Epistle To The Rev. John M'math

While at the stook the shearers cow'r To shun the bitter blaudin' show'r, Or in gulravage rinnin scowr To pass the time, To you I dedicate the hour In idle rhyme. My musie, tir'd wi' mony a sonnet On gown, an' ban', an' douse black bonnet, Is grown right eerie now she's done it, Lest they should blame her, An' rouse their holy thunder on it An anathem her. I own 'twas rash, an' rather hardy, That I, a simple, country bardie, Should meddle wi' a pack sae sturdy, Wha, if they ken me, Can easy, wi' a single wordie, Lowse hell upon me. But I gae mad at their grimaces, Their sighin, cantin, grace-proud faces, Their three-mile prayers, an' half-mile graces, Their raxin conscience, Whase greed, revenge, an' pride disgraces Waur nor their nonsense. There's Gaw'n, misca'd waur than a beast, Wha has mair honour in his breast Than mony scores as guid's the priest Wha sae abus'd him: And may a bard no crack his jest What way they've us'd him? See him, the poor man's friend in need, The gentleman in word an' deed - An' shall his fame an' honour bleed By worthless, skellums, An' not a muse erect her head To cowe the blellums? O Pope, had I thy satire's darts To gie the rascals their deserts, I'd rip their rotten, hollow hearts, An' tell aloud Their jugglin hocus-pocus arts To cheat the crowd. God knows, I'm no the thing I should be, Nor am I even the thing I could be, But twenty times I rather would be An atheist clean, Than under gospel colours hid be Just for a screen. An honest man may like a glass, An honest man may like a lass, But mean revenge, an' malice fause He'll still disdain, An' then cry zeal for gospel laws, Like some we ken. They take religion in their mouth; They talk o' mercy, grace, an' truth, For what? - to gie their malice skouth On some puir wight, An' hunt him down, owre right and ruth, To ruin straight. All hail, Religion! maid divine! Pardon a muse sae mean as mine, Who in her rough imperfect line Thus daurs to name thee; To stigmatise false friends of thine Can ne'er defame thee. Tho' blotch't and foul wi' mony a stain, An' far unworthy of thy train, With trembling voice I tune my strain, To join with those Who boldly dare thy cause maintain In spite of foes: In spite o' crowds, in spite o' mobs, In spite o' undermining jobs, In spite o' dark banditti stabs At worth an' merit, By scoundrels, even wi' holy robes, But hellish spirit. O Ayr! my dear, my native ground, Within thy presbyterial bound A candid liberal band is found Of public teachers, As men, as Christians too, renown'd, An' manly preachers. Sir, in that circle you are nam'd; Sir, in that circle you are fam'd; An' some, by whom your doctrine's blam'd (Which gies you honour) Even, sir, by them your heart's esteem'd, An' winning manner. Pardon this freedom I have ta'en, An' if impertinent I've been, Impute it not, good Sir, in ane Whase heart ne'er wrang'd ye, But to his utmost would befriend Ought that belang'd ye.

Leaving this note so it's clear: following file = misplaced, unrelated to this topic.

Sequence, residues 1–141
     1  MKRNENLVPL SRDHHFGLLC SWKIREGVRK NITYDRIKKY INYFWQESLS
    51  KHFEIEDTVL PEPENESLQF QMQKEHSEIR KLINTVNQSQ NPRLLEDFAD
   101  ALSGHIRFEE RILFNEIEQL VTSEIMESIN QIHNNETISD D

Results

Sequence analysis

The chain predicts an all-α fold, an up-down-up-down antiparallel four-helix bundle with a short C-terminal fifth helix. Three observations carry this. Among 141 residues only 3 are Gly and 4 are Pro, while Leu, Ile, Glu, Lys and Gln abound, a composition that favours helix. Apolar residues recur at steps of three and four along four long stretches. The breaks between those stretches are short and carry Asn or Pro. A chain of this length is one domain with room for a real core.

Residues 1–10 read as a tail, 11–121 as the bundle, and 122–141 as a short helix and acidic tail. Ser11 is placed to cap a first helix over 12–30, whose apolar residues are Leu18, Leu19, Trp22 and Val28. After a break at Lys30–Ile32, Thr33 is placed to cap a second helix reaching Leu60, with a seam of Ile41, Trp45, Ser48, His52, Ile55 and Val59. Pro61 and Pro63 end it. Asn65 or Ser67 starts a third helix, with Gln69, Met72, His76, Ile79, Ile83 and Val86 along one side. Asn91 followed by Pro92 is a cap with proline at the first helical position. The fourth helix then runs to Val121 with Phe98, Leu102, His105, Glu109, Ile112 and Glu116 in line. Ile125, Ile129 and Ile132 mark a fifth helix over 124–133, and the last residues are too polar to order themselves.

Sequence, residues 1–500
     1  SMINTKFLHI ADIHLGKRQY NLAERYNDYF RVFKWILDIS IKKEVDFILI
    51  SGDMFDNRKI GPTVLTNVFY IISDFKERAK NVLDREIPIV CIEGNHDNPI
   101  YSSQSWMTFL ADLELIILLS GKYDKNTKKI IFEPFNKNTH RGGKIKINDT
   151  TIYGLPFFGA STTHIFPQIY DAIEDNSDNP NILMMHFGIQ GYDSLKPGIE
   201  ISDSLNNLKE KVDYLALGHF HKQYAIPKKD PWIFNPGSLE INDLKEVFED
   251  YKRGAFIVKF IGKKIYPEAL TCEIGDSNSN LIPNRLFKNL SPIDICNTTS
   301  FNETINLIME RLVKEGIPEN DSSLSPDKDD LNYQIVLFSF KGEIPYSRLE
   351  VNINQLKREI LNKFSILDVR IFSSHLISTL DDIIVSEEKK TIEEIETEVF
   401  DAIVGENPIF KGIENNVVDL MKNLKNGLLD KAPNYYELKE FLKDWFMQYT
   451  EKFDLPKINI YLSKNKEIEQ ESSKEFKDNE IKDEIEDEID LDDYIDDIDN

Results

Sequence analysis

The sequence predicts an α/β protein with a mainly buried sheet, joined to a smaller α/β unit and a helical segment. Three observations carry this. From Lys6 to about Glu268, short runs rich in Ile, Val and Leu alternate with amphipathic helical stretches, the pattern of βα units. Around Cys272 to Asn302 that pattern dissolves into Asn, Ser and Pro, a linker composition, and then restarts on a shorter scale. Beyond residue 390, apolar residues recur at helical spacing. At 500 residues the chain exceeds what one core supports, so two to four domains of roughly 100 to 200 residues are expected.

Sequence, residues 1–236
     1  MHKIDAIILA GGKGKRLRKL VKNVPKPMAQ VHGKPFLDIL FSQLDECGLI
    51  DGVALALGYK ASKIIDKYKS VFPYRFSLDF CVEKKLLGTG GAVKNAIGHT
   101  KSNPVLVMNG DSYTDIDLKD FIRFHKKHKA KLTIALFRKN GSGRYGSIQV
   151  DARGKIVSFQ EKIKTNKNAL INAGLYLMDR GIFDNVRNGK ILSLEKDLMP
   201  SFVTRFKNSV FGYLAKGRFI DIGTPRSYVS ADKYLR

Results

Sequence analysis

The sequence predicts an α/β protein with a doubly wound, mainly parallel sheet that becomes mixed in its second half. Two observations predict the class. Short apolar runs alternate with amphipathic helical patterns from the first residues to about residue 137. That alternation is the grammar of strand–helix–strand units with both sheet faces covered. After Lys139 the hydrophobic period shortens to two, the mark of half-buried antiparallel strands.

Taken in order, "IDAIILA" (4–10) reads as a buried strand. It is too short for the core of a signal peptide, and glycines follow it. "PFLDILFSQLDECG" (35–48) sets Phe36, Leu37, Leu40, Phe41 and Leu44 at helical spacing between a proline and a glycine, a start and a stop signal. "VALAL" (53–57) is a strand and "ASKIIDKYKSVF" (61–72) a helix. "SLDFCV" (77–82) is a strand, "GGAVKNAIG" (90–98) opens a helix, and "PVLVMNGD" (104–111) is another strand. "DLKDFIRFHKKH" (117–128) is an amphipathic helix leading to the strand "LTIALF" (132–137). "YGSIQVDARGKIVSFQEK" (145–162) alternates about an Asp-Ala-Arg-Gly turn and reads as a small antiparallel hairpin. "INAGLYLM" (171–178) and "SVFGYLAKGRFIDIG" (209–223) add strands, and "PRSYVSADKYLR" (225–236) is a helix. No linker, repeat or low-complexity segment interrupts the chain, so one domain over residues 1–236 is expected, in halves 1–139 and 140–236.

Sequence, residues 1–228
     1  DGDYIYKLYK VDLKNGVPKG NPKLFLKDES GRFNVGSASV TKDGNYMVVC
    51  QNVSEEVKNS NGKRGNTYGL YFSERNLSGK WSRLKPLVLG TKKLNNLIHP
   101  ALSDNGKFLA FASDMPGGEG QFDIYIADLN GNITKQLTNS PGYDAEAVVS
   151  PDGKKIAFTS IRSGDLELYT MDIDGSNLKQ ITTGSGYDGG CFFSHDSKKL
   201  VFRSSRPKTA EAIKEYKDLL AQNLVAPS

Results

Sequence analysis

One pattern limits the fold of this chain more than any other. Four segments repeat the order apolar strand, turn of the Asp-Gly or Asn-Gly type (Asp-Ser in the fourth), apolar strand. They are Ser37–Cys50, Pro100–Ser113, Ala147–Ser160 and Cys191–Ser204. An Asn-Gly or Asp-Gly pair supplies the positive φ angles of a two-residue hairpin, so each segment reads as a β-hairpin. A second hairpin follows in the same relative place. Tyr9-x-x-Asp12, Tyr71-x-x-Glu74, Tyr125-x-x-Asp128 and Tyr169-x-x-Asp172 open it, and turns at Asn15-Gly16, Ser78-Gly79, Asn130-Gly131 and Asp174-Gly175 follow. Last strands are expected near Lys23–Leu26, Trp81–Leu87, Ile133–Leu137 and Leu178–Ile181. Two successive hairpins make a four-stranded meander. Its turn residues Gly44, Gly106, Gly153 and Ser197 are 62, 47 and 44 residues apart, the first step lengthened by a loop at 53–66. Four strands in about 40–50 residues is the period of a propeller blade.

John Sessions

About this work

This is an epistle by Robert Burns. It was written in 1785 and is read here by John Sessions.